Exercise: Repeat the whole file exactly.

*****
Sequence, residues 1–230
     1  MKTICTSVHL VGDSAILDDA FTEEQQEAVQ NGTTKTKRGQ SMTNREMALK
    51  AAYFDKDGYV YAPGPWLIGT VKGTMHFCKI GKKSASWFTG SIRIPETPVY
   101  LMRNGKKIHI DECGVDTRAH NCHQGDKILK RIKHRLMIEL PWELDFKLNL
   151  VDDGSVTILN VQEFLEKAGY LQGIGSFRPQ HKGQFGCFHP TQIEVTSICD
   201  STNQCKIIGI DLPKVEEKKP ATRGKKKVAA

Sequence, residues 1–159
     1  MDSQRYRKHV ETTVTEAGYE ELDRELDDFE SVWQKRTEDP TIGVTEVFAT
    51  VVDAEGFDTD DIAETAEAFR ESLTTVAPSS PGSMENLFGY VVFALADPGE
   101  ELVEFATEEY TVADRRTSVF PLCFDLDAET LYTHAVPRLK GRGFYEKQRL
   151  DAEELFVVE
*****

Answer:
Sequence, residues 1–230
     1  MKTICTSVHL VGDSAILDDA FTEEQQEAVQ NGTTKTKRGQ SMTNREMALK
    51  AAYFDKDGYV YAPGPWLIGT VKGTMHFCKI GKKSASWFTG SIRIPETPVY
   101  LMRNGKKIHI DECGVDTRAH NCHQGDKILK RIKHRLMIEL PWELDFKLNL
   151  VDDGSVTILN VQEFLEKAGY LQGIGSFRPQ HKGQFGCFHP TQIEVTSICD
   201  STNQCKIIGI DLPKVEEKKP ATRGKKKVAA

Sequence, residues 1–159
     1  MDSQRYRKHV ETTVTEAGYE ELDRELDDFE SVWQKRTEDP TIGVTEVFAT
    51  VVDAEGFDTD DIAETAEAFR ESLTTVAPSS PGSMENLFGY VVFALADPGE
   101  ELVEFATEEY TVADRRTSVF PLCFDLDAET LYTHAVPRLK GRGFYEKQRL
   151  DAEELFVVE